FARMINGTON — Now that a bank stabilization project to protect Whittier Road from a crumbling riverbank will not take place this year, town officials said that hurricane season is likely to accelerate erosion at the site.

“It’s now clear that it won’t happen this year,” Town Manager Richard Davis said of the stalled $277,000 construction project.

Ever since last August, when tropical storm Irene caused a major collapse of the bank of the Sandy River, the distance between the riverbank and Whittier Road has been shrinking, and is currently about 30 feet.

Now, Davis said, there is another weather system that threatens to wreak havoc on the riverbank.

“Next week, potentially, there’s a hurricane headed this way. It’s a tropical storm at this point,” Davis said.

Davis said that the town has ordered barricades and signs that will allow them to close the road more easily, and the town has spent about $20,000 on the issue so far, which could cause the public works department to go over budget.

For months, Farmington has been seeking approval and funding for the stabilization project on the Sandy River from the Federal Emergency Management Agency, but the agency’s response has been delayed because of concerns about the possible impact of the project on the endangered Atlantic salmon.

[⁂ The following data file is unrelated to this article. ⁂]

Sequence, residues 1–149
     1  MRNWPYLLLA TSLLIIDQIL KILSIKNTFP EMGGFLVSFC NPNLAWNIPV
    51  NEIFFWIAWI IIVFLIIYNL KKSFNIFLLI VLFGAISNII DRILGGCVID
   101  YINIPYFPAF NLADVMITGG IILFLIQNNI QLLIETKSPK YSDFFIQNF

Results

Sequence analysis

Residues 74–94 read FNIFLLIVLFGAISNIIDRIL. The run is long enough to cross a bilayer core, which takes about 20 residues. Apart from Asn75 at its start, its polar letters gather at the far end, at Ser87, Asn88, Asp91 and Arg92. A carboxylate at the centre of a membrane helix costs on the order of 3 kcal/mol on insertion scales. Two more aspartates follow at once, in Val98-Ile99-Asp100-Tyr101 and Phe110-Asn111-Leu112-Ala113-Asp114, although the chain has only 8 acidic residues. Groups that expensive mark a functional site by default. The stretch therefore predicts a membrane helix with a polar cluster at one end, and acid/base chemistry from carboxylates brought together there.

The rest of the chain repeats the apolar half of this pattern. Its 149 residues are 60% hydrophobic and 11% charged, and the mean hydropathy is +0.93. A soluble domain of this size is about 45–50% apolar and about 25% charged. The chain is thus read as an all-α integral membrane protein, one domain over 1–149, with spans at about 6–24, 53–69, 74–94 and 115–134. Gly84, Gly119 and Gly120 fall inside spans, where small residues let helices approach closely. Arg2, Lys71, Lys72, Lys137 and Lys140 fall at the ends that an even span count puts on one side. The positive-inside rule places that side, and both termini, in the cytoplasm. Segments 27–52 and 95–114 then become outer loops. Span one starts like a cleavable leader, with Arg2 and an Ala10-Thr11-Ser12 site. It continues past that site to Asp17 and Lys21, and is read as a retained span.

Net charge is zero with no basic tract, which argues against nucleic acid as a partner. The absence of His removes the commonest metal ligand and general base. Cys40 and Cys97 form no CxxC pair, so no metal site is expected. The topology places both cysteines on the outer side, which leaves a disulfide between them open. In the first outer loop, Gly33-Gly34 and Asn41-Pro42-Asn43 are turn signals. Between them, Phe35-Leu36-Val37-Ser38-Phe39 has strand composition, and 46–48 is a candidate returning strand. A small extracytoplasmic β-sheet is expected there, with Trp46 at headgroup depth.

The timetable has been compressed because work can be done on the river only when the salmon are not spawning, which begins September 15. Even though the bank stabilization project itself will take only three weeks to complete, it will be delayed until July.

The federal agency would not declare the site an emergency, which would have allowed the project to move forward more quickly.

In order to demonstrate that the project won’t hurt the salmon population, the town has been asked to provide a biological assessment, for which they have hired Environmental Consultant Steve Jones of Poland Spring.

One problem, Davis said, is that the federal agency has been slow to articulate what specific information should be contained within the biological assessment.

“The FEMA folks are kind of building this bicycle while they’re riding it,” Davis said. “They couldn’t point to any similar biological assessments that have been done anywhere.”

The Sandy River is a key spawning ground for the salmon population, the focus of a recent multimillion dollar restoration project in the Merrymeeting Bay, which is at the mouth of the Kennebec River. The Sandy River is a tributary of the Kennebec.

“This whole salmon reintroduction program under the Endangered Species Act is relatively new, I think, and so I’m not sure if they have much experience with it,” Davis said.

Davis said that, during a conference call last week, federal officials agreed to work with the environmental consultant this week to help identify what information is needed in the assessment.

Based on that, the consultant will know the scope of the project, and provide an estimate to the town’s board of selectmen so that the work on the assessment can begin.

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